Planting distance for banana plants varies with the ultimate size of the variety. Dwarf or small stature banana plants may be planted 20 ft or more from other plants but may be planted as close as 8 ft from other dwarf or small stature banana plants. Large banana varieties should be planted 12 or more feet from other banana plants to leave room for expansion of the mat.
Banana Planting and General Care from Fruitscapes/University of Florida Videos ext. link
In soils with low fertility, such as the sandy and calcareous soils of south Florida, bananas should be fertilized frequently (4 to 6 times) for maximum production. The potash requirement is high and fertilizers with a high K2O content should be used, e.g., N-P2O5 -K2O in a ratio of 3-1-6. The amount of fertilizer depends on size and age of the stalk and on the number of stalks per clump. 1
In Florida, at least one nutritional spray containing manganese and zinc is recommended annually. Sources of these elements available at garden centers may be used; follow label directions. Copper should be included in the spray if no copper-containing fungicide is used. Banana plants growing in acid sandy soils may be fertilized with 0.5 to 1.0 lb dry iron sulfate 1 to 2 times during the warmer part of the year. Banana plants growing in high pH, calcareous soils may be fertilized with 1 to 2 oz of chelated iron material (EDDHA) during the warmer part of the year. 1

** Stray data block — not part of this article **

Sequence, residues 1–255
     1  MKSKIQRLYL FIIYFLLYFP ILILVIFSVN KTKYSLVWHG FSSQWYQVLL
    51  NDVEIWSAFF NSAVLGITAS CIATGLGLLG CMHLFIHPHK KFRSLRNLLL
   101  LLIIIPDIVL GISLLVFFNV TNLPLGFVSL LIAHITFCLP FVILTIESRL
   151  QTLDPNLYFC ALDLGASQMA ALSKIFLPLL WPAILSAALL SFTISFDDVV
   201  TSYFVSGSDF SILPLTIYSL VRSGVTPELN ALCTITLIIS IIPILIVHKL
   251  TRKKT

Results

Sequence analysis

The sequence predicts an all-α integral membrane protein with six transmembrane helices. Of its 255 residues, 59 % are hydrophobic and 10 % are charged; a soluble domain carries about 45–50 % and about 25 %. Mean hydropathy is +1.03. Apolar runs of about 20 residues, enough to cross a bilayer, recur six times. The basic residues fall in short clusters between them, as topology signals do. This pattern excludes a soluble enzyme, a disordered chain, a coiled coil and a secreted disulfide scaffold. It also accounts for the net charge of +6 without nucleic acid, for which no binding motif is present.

Bananas require large amounts of water and are very sensitive to drought. Bananas need about 4 to 6 inches (102–152 mm) of water per month for normal growth and production. Thus about 1 to 1.5 inches (2.5–4 cm) of water should be applied per week. 1
However, caution should be exercised against over-irrigation. Bananas are extremely susceptible to damage by flooding, continuously wet soils, and soil with inadequate drainage. 1